After the Accident: A Counsellor’s Guide to Dealing with ICBC

Have you been in a car accident? Are you suffering from more than just physical injuries? Do you feel overwhelmed trying to keep up with all the appointments, while trying to recover from your injuries? Did you know you are eligible to receive coverage for counselling/therapy sessions? Have you heard of something called Part 7 benefits?

Whether you are found at fault for a Motor Vehicle Collision (mvc) or not, as long your vehicle was insured with ICBC, you are a member of the vehicle owner’s household, were in the vehicle during the accident, or someone hit by an insured vehicle, you are likely eligible for Part 7 benefits/funding, under the Motor Vehicle Act.

Part 7 benefits are meant to provide quickly accessible rehabilitation services to the injured individual involved in an mvc to the “highest level of gainful employment or self sufficiency that is reasonably achievable.” In other words, these benefits are meant to get you back to your pre-mvc state. ICBC is liable to provide up to $150,000 in Part 7 rehabilitation benefits on top of the coverage provided by the BC Hospital Plan and the Medical Services Plan. The benefits cover services such as physiotherapy, chiropractic, massage, transportation, medications, and more. In this article, however, we will focus on the psychological benefits available under Part 7.

In our practice, our team of six therapists, have the experience of working with hundreds of ICBC cases of acute trauma, depression, driving anxiety, and more that was due to a mvc. Our clients have been approved for as many as 30 sessions per client, per collision, and we take care of all the documentation and approval processes so that you do not have to worry about this. We will work with your legal team, if you have one, and if you do not have one, we will work on your behalf to advocate for your case to get you the support you need to heal from your mvc related injuries. We can also collaborate with your occupational therapist, physiotherapist, and doctors to provide a full circle of care, if you wish.

At Burnaby Square Counselling, we truly care about your well-being and want to get you back on your feet, both physically, and mentally, so that you can get back to being and doing what you did before the accident, and put this experience behind you. In order to do that, it is important to learn what trauma is, and how we work with it.

We may have the misconception that trauma comes from major catastrophes or violent disasters. These events may lead to trauma in many individuals, but even what some may consider a minor car accident, such as a fender bender, can have damaging effects on a person. Peter Levine, PhD, has been studying stress and trauma for more than 35 years and helping people heal from it. The effects of accumulated stress on our nervous system can be debilitating affecting your digestion, muscles, health and your sexual drive. Car accidents can have accumulated compounding stress if we do not deal with the after effects early on. Certainly, you have felt the psychological symptoms of stress in your daily lives, which may include, and not limited to, headaches, fatigue, pain, and anxiety. When the initial stress that the car accident caused, our bodies and mind may pay a severe price: people end up suffering from initial anxiety and mild depression, and when this is not looked at, can lead to severe panic, despair and long-term suffering.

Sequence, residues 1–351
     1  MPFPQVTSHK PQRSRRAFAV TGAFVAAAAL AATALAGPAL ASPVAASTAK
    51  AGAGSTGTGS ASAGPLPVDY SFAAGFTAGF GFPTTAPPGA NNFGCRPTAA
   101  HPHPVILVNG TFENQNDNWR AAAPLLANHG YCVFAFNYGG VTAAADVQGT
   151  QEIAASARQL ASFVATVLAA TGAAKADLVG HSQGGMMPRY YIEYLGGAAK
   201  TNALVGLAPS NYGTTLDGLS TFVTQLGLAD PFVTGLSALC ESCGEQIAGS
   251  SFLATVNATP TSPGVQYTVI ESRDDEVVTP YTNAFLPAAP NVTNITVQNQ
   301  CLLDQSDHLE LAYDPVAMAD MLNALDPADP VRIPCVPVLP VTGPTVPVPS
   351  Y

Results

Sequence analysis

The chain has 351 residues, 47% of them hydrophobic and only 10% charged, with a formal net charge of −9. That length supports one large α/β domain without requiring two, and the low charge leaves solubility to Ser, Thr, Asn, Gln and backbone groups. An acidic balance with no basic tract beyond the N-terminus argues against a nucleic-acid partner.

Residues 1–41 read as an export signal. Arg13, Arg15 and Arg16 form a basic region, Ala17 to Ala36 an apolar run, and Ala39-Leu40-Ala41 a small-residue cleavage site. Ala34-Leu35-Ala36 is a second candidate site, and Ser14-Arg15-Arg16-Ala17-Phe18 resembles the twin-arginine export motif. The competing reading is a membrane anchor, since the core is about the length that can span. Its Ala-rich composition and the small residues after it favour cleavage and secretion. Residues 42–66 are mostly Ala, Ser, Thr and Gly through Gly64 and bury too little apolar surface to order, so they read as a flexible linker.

Levine goes on to describe automobile accidents, even fender benders, as less obvious but potential causes of stress and trauma. He demonstrates that early symptoms are hypervigilence, intrusive imagery, sensitivity to sound, startle responses, nightmares, abrupt mood swings, and difficulty sleeping. If the trauma is not healed, the next list of symptoms show up later, and this could be even years later. These symptoms include: panic attacks, anxiety, phobias, avoidance behaviours, addictive behaviours, forgetfulness, etc. The next phase of symptoms shows up numerous years later accompanied by the earlier symptoms. These include: diminished emotional responses, chronic fatigue, immune system problems, chronic illnesses, asthma, digestive problems, and feelings of detachment. These are just a few examples of the symptoms that can escalate over time if not brought out to the surface. The symptoms of stress and trauma can stay with you in your body until you have found a way to get help. It may be hard to imagine that a minor car accident could have the listed implications. Research has shown over and over again the negative consequences of not dealing with our emotional hygiene.

We have forgotten that our bodies speak to us in various ways. When our body is suffering, it is communicating with us that something in our life is not going right. When we do not listen to our body, we suffer, especially after a car accident. You need to minimize the damaging effects after the car accident for your body as well as your mind. You do that by acknowledging that the accident was a stressful event and you are experiencing stressful symptoms. Often when we do not deal with the acute symptoms, the symptoms accumulate and the damage to our minds and bodies become bigger ailments and illnesses.

We are not machines. We are human beings who feel emotions. It is completely okay to feel emotions. During an accident, our stress hormone, cortisol and adrenaline are released in our bodies. We are in a fight or flight mode. Unfortunately, we may get stuck in this response even after the accident because we do not know how to allow our bodies to feel through the responses. After the accident, if we become aware of the negative symptoms, we may brush it off or not give it another thought. But your body is telling you that it is not resolved.